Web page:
Ayun: It seems to me the answer to the first question lies within the second. Mothers have more fun and experience less stress when they shake off the insanely high expectations with which Western society has burdened the office. The second the kid emerges from between your thighs, the pressure to measure up is immense, because you know you’ll be judged harshly if you don’t get straight A's in every single subject associated with child rearing. Well, who’s doing the judging? That’s what I want to know. Mothers-in-law aside, I’d say it’s primarily magazine editors, p.r. firms, and large corporations who stand to profit substantially from reinforcing the idea that we’re doing a shitty job. Other mothers can play a particularly pernicious supporting role, but my data shows that they’ll stop judging you if you refrain from overtly judging them.

A close friend recently had her first baby. She was a great help and comfort to me when I had my first baby nine years ago, but despite her ringside seat for that circus, the physical rigors and emotional rollercoaster of new parenthood still knocked her for her own loop. She’d seen that it was hard. She’d witnessed the limits, the fatigue, the frequent feelings of powerlessness, but that couldn’t prepare her for living through it her ownself. Motherhood is wicked-hard, particularly those first couple of years. New mothers need to seek out anything that acknowledges this, because it’s very easy to sink into the slough of despond, to feel that you’re the only one who’s feeling lonely, sad, unfulfilled, crazy, whatever…

... For mothers of older children, I recommend tea time. (I recommend it for mothers of all stations, but it’s particularly important for those old enough – or depending on how far down the road you are, young enough – to sass and demand and wear out your last nerve just by virtue of their existence. You know how kids get whiny and obstreperous when they’re hungry or tired? Yeah, well, mothers do too. Particularly Bitchmother, who is who I morph into at around 4pm, unless I take a little break to eat something, maybe read a magazine article, sit the fuck down…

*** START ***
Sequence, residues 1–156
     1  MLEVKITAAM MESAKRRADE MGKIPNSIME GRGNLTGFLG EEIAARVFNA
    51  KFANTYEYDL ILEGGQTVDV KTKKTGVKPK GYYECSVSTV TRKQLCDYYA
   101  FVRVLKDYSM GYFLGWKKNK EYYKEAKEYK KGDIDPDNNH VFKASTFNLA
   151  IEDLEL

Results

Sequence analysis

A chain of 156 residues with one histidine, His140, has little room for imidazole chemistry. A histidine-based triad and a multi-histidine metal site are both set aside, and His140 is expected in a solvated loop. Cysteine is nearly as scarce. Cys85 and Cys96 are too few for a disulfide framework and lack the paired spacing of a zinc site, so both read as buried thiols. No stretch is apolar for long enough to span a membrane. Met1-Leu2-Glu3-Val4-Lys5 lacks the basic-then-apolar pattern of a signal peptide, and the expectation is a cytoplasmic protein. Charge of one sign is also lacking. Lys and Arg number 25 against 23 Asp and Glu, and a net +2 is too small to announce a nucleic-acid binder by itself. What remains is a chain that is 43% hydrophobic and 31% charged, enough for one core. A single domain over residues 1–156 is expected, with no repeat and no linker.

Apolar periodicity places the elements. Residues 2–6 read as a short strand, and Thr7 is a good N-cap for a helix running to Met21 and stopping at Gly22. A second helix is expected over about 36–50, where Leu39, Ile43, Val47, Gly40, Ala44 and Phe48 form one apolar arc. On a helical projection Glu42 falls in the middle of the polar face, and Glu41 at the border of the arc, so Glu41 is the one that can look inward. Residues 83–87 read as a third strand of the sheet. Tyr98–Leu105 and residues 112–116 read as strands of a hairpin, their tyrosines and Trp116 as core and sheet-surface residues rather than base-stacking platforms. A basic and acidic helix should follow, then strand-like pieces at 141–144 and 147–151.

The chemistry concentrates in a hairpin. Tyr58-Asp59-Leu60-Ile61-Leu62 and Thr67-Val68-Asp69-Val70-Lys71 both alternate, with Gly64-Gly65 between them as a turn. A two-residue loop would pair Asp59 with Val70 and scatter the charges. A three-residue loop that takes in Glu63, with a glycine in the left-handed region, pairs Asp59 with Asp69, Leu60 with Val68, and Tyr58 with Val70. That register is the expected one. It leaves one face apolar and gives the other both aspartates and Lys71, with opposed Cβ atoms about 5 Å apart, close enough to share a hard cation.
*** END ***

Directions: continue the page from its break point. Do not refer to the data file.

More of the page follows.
MamaLama's being published in Britain, so my next excerpt is from an actual British blogger, Babymother:

BabyMother: First of all – how did you get to be a full-time mother AND write a book or three? (And HOW could you bring yourself to stay awake in your child’s naptime when you were pregnant in order to write? Yes, this is all a bit close to the bone)

Ayun: I am a very lax housekeeper, and have pretty much everything I need within a couple of blocks’ walk. Also, I was an unathletic only child, who spent many a sunny day, sitting in a tree, reading library books and drawing pictures of elaborate kitty cat weddings. Writing remains fun for me, a way to play with mental paper dolls. I’d rather do that than go shopping or hang gliding or some other activity that another might engage in to relax and reclaim some semblance of their pre-maternal identity. As for staying awake while pregnant, the second time around, when Milo was in the oven and Inky was two years old, I felt like I’d been embalmed! It’s the one time in our fifteen years together that Greg had no choice but to cook. We ate a lot of spaghetti and it’s indicative of just how embalmed I felt that I forked it up without complaint. Nap times were my cue to tap into some secret reserve of energy, a stash for my personal use. The minute Inky woke up, refreshed, I felt embalmed again.